Once we reach a better comprehension of Hawking's work and the work on many others, we'll be able to simplify the theory for learning. And just like you touch on quantum theory and relativity in high school, it might become possible to teach some aspects of Hawking's work, along with Newton's and Einstein's.
RisingFury is offline   Reply With Quote
Thanked by:
Old 05-09-2018, 08:56 PM   #24
boogabooga
Bug Crusher
 
boogabooga's Avatar
Default

Quote:
Originally Posted by RisingFury View Post
 The work that Stephen Hawking has done is currently not complete and not fully understood. He solved some very important questions, but it'll take some time for us to arrive at the same results from different angles.
That goes for every great scientist, in their day. Newton and Darwin (and Einstein) included.

Quote:
Originally Posted by RisingFury View Post
 And just like you touch on quantum theory and relativity in high school,


Where you live, perhaps.
boogabooga is offline   Reply With Quote
Old 05-12-2018, 08:09 AM   #25
Notebook
Donator
 
Notebook's Avatar


Default

Quote:
Organisers of Prof Stephen Hawking's memorial service have seemingly left the door open for time travellers to attend.
Those wishing to honour the theoretical physicist, who died in March aged 76, can apply via a public ballot.
Applicants need to give their birth date - which can be any day up to 31 December 2038.
Prof Hawking's foundation said the possibility of time travel had not been disproven and could not be excluded.
http://www.bbc.co.uk/news/uk-england...shire-44073903
Notebook is offline   Reply With Quote
Old 05-12-2018, 08:16 AM   #26
RisingFury
OBSP developer
 
RisingFury's Avatar
Default

Quote:
Originally Posted by boogabooga View Post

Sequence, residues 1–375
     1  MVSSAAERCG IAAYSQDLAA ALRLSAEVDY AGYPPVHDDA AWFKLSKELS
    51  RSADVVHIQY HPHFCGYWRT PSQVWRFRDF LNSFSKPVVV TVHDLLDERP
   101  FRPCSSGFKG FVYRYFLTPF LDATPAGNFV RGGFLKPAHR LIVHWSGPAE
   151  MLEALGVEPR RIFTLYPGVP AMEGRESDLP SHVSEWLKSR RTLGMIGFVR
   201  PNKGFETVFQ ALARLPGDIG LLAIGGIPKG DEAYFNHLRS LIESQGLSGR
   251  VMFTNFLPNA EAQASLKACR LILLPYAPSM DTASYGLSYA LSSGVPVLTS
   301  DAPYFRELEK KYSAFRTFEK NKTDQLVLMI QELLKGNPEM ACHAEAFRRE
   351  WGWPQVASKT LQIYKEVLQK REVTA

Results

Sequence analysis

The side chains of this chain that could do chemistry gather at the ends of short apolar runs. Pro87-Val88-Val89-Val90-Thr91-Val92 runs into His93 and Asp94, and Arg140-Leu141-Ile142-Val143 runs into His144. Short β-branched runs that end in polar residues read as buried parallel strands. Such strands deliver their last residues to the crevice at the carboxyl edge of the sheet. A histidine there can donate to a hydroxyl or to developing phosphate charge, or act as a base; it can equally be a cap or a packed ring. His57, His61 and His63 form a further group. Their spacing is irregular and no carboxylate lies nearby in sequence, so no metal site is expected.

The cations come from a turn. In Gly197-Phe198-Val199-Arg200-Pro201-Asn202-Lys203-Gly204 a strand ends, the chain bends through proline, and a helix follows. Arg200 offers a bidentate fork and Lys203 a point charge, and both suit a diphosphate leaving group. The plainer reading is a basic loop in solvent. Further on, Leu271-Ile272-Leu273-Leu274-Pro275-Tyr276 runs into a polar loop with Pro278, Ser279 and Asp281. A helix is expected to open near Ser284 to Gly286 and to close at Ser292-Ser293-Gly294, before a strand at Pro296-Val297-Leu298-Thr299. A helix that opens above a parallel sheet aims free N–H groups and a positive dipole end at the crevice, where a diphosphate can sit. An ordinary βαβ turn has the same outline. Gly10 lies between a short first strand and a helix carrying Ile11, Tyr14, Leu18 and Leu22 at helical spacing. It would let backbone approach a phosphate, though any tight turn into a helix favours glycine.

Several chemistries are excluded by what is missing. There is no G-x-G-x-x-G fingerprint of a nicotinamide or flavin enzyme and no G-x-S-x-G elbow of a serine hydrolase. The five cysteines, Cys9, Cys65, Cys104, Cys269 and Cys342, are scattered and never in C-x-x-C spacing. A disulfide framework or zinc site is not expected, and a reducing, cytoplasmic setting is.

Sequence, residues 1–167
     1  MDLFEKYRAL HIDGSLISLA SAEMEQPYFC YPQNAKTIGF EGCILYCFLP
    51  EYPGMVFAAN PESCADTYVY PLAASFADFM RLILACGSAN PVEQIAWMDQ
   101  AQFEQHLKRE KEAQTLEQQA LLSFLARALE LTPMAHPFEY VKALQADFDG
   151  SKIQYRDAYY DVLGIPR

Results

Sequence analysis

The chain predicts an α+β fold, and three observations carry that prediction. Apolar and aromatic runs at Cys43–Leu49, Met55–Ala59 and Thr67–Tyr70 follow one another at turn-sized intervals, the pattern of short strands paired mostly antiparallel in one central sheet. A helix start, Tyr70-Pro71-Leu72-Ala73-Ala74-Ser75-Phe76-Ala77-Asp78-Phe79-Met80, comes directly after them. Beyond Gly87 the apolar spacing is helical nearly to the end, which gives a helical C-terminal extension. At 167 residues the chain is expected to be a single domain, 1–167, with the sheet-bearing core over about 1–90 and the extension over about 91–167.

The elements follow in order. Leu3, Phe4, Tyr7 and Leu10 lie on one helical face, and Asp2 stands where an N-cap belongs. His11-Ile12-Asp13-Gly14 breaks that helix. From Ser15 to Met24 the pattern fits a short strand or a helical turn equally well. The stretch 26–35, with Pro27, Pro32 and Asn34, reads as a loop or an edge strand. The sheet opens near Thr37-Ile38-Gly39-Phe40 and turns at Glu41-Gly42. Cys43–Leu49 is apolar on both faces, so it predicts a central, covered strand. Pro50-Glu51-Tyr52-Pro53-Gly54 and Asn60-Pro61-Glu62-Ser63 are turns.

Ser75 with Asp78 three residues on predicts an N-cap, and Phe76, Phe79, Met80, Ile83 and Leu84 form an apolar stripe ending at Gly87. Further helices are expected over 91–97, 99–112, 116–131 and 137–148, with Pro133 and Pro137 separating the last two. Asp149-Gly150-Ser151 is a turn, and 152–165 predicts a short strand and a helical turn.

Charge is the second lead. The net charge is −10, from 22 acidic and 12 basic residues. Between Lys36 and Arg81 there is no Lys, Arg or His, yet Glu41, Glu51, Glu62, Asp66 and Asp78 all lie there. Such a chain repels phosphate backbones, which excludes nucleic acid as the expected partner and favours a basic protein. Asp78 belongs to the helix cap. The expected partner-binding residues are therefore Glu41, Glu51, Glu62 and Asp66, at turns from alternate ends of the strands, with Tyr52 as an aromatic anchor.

Where you live, perhaps.
I remember learning these topics in high school Physics:
- Energy of a photon
- Photoeffect
- Energy states in a hydrogen atom
- Mass-energy equivalence and energy of nuclear reactions
- Time dilation, relativistic mass increase and relativistic energ

This was in year 3, when Physics was still mandatory material, so everyone learns about it. I also took Physics in year 4, but I don't recall the material I learned then, but there may have been more.
RisingFury is offline   Reply With Quote
Old 06-15-2018, 02:07 PM   #27
Notebook
Donator
 
Notebook's Avatar


Default

Quote:
Tributes have been paid to renowned physicist Prof Stephen Hawking in a Westminster Abbey memorial service.
British actor Benedict Cumberbatch, who played Hawking in a BBC drama, and astronaut Tim Peake were among those giving readings at the ceremony.
Prof Hawking died in March, aged 76, after a long battle with motor neurone disease.
His ashes are being buried alongside other great scientists like Charles Darwin and Isaac Newton.
25,000 applications
Prof Hawking's words have also been set to an original score by composer Vangelis and were to be beamed into space towards the nearest black hole after the service.
https://www.bbc.co.uk/news/uk-englan...shire-44494389
Notebook is offline   Reply With Quote
Reply

  Orbiter-Forum > Far Side of the Moon > Brighton Lounge


Thread Tools

Posting Rules
BB code is On
Smilies are On
[IMG] code is On
HTML code is Off
You may not post new threads
You may not post replies
You may not post attachments
You may not edit your posts
Forum Jump


All times are GMT. The time now is 09:59 AM.

Quick Links Need Help?


About Us | Rules & Guidelines | TOS Policy | Privacy Policy

Orbiter-Forum is hosted at Orbithangar.com
Powered by vBulletin® Version 3.8.6
Copyright ©2000 - 2018, Jelsoft Enterprises Ltd.
Copyright 2007 - 2017, Orbiter-Forum.com. All rights reserved.